What We Offer

Scope of operations:

- Providing resources & tools for women in the Agro-chain & food sector.
- Capacity building for Business Owners and Professionals to start, operationalize & scale their enterprises.
- Financial literacy education on credit worthiness, and how to access Capital.
- Provision of evidence-based market research, business analysis, and ESG consulting.
- Cooperative-based investment clubs and peer-to-peer lending circles for members.
- Facilitation of a Rotating Credit and Savings Association (ROSCA+) for members.
- Fostering a value-based community and marketplace, based on trust, social justice, equity, inclusion and solidarity.

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Investment Portfolio

Interested in becoming a member and/or investor? Check out some of our portfolio of investment options.

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Evidence-based Market Research

Go beyond anectodal evidence and informal data to evidence-based, data-driven research and reports.

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Current and Upcoming Projects

Explore our existing and future projects and programs across the globe.

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BWPW Co-op Global South

Investing in, and partnering with agro/food-based women-led cooperatives and entrepreneurs in African and Caribbean countries.

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Solidarity & Co-operative Economics.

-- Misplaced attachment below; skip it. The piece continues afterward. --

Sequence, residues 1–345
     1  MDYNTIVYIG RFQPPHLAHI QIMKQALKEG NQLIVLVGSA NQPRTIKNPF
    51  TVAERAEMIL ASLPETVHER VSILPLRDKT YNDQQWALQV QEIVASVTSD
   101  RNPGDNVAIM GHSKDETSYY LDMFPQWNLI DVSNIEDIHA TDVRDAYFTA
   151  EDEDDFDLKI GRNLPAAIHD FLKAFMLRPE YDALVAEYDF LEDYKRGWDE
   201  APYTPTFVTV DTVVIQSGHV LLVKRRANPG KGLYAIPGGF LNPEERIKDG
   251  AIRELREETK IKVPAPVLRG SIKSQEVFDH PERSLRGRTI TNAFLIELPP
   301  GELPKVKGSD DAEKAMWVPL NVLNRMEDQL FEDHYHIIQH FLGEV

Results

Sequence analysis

An Overview and History of Black Cooperatives.

    • Canada’s hidden cooperative system: The legacy of the Black Banker Ladies. Black diaspora/immigrant women, known as Banker Ladies, lead solidarity economics through a form of mutual aid called Rotating Savings and Credit Associations (ROSCAs).
    • Drawing on ancient African traditions, this financial exchange system holds the key to financial inclusion, equity, social justice, dignity, wealth creation and making local economies serve the needs of everyone in the community
    • History of Cooperative Economics as popularized by W.E.B Dubois.
    • Exploring the intersection between Social Justice, Political Power, and Solidarity & Cooperative Economics

Our Programs & Services

Explore our unique range of programs and services tailored to Individuals, Organizations, and Investors.

Est. August 23, 2021

Black Women Professional Worker Co-op (BWPW Co-op) is a federal corporation entity registered with Corporations Canada.

110

Members

15

Expert Advisors

10